After a summer break filled with all sorts of fun extracurricular activities—with some rest and relaxation thrown in for good measure—there will inevitably be another school year.
Buying some back to school clothes and supplies for your kids may be on your to-do list. But that is only scratching the surface if you have a special needs child who needs to be ready for the classroom environment.
This is so because children, and more so special needs children, could have more difficulty adjusting to a new teacher, new classmates, and a new grade level.
In order to make the transition to the school year from the summer break as smooth as possible, what follows is a back to school guide for special needs kids.
Talk it Out
Before the school year kicks off, you should open up a two-way dialogue between you and your special needs child. By so doing, you can help to lessen, if not altogether eliminate, any pent up anxiety your child may have about returning to school. Even though changes can be difficult for anyone, you can get your child to relax and even to look forward to the new school year by focusing on the positives such as the opportunity to connect with old friends, to make new ones, and to learn new things. If your child is headed to a new school, try to schedule a tour of the facility beforehand so that he or she develops some familiarity with the school environment.
Comb Over IEP
Familiarize yourself with your child’s Individualized Education Program (IEP), which is a written statement for special needs children. The IEP essentially serves as a blueprint for your child’s educational needs, so you need to look at it before the new school year starts to ensure that it still meets the needs of your child. Keep in mind that IEPs have an expiration date, and make sure that you stay on top of when your child is slated for a reevaluation. Ensuring that your child’s IEP is still relevant will help to make the academic year less stressful for your child and will position him or her for success.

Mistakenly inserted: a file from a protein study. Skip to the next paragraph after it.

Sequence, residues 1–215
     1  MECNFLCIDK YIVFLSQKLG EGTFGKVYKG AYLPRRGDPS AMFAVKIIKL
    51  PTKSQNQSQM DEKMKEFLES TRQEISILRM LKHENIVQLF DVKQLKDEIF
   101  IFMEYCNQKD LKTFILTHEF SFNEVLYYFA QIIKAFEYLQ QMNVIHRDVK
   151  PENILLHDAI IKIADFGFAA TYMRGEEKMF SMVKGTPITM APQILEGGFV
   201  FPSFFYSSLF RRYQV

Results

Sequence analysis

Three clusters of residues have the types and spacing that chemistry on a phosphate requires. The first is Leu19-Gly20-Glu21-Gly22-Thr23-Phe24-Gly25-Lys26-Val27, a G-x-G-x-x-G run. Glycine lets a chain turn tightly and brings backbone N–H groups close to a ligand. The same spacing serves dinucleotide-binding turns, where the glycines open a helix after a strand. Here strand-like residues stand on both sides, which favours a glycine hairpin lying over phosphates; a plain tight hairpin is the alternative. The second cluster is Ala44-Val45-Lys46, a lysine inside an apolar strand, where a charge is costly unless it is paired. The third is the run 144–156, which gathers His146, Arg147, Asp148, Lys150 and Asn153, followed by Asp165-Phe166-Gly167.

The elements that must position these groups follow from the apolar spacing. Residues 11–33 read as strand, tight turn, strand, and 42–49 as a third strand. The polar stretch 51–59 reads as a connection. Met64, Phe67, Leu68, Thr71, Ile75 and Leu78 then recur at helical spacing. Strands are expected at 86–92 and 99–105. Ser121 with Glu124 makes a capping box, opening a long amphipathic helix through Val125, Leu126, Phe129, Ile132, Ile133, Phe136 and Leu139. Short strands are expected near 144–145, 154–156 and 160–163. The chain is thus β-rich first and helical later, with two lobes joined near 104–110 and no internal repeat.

Familiarity Breeds Content
If your special needs child gets anxious whenever he or she encounters change to the status quo, you can potentially alleviate any worries by setting up certain routines for both before and after school. These activities to start and end the day can serve as calming bookends, so to speak, which will give your child comforting, settling anchors.
Stay in Touch
When it comes to making back to school preparations, you need to focus not only on your child, but also on the staff at your child’s school. In other words, you should make it your duty to know whom your child’s teacher is, not to mention the principal, in the event that you need to inquire about anything related to your child’s IEP. The school staff are there to help your child, and you are obviously your child’s best advocate. By staying in touch, and voicing your opinions and observations, you can be the advocate your child needs.
Organize for Success
When buying school supplies, look for things that’ll help your child stay organized. For instance, you can, depending on your child’s special needs, opt for color coded binders or folders that correspond to specific subjects. This organization will help your special needs child to remain more focused and provide less opportunity for your child to possibly get flustered or frustrated in an environment that could trigger sensory overload.
Back to school can certainly be a particularly stressful time of year for special needs children. By following the aforementioned tips, you can make the transition to the school year from summer break less stressful and more enjoyable for your child.